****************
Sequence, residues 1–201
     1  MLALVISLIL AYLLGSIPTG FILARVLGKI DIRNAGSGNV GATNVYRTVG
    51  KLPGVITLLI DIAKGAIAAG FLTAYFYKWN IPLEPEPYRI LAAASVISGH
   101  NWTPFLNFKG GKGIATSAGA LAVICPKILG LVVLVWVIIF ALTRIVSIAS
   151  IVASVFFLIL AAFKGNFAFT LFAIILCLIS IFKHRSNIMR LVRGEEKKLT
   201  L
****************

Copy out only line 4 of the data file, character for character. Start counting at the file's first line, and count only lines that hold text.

   101  NWTPFLNFKG GKGIATSAGA LAVICPKILG LVVLVWVIIF ALTRIVSIAS